Lessons from a year of being on the run. (Pun not intended)
Ever since I was a child, I saw running as something only athletes could do. I only ran when I absolutely had to with my self-consciousness at the peak every time. I never ventured into that turf for a long time.
Then in June 2019, I signed up for a trek that was to happen in August, which left me with 2 months to prepare. walking up high altitudes for hours on end required me to build my stamina, and that’s when I incorporated running into my workout plan.
It’s been a solid year of runs, jogs, and speed walks, and I have learnt so much along the way. Sometimes I’d learn them after going through hell, some would come as a divine intervention at random times. Either way, I am glad I’ve learnt so much in my still-young & tender journey into running. Here’s a quick rundown to what I’ve learnt.
1. Gear Up
In the beginning, I had no runner’s gear, and I used to run while holding my phone in my right hand. Looking back, this was one of the silliest things I did. It took me so long before I decided to buy an accessory that could hold my phone for me.
When you run sticking your phone in your clothes or holding it in your hand, you are holding your potential back.
You will not end up pushing yourself to the limit you can, simply because you’re trying to make sure your phone doesn’t fall.
When I looked up for accessories, I had two options: An armband or a waistband.
I had my own set of apprehensions with each of these. The armband seemed more comfortable but also felt unsafe for a phone to hang onto, whereas the waistband looked like it would flap about a whole lot while running.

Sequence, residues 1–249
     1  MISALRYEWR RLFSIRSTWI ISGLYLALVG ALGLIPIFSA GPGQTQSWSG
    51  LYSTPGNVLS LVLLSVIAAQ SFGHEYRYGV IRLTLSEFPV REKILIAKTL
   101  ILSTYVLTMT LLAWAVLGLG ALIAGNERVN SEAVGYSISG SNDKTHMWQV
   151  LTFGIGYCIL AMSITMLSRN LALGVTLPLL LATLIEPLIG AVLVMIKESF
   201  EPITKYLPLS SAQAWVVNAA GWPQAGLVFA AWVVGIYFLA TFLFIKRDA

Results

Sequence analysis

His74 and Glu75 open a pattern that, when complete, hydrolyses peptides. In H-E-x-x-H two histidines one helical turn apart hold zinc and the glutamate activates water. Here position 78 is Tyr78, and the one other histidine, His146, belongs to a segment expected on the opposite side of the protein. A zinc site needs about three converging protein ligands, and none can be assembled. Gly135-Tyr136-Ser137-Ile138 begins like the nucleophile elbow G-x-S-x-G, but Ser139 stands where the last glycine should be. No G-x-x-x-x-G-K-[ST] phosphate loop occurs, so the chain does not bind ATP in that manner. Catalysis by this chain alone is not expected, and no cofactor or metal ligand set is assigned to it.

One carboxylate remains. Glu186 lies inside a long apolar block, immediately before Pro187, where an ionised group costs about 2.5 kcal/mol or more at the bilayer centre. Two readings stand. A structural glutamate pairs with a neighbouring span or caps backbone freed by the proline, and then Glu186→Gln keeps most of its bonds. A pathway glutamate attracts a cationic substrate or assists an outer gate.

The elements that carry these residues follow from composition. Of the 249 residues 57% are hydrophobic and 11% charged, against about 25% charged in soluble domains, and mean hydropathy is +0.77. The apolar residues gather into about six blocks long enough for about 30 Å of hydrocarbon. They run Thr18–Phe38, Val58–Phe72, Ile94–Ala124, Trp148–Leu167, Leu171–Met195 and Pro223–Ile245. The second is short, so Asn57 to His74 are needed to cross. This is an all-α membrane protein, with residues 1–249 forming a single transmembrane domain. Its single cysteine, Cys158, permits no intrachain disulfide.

After much research and back and forth, I decided to go with a waistband. This was the most recommended one by runners, and it also gives you room to store more than just your phone; they make room for keys, cash, a wallet, and even a water bottle.
2. One app is enough
There is no shortage of apps centered around running. There’s something for everyone, even a zombie apocalypse-themed running app that is designed to make running enjoyable.
But how many apps can a runner handle?
At my most naïve stage, I had three different running apps on my phone. I even accidentally ended paying 3,000 rupees because I forgot to cancel my free trial.
If you’re new to running and need someone to point you in the right direction when it comes to a running app, there is only one answer: Nike Run Club.
Of course, it’s a Nike app, so there is automatic credibility. It directly links to your health app if you have iOS and maps your running path. At the end of your race, it displays your cadence, speed and calories burnt. There are many guided races, and ongoing competitions to choose from and it has close to no distractions.
3. Stop being so shy
I always loved to run, but I was very shy of running with people around me. I was extremely self-conscious because I thought I looked funny when I ran and was constantly judging myself.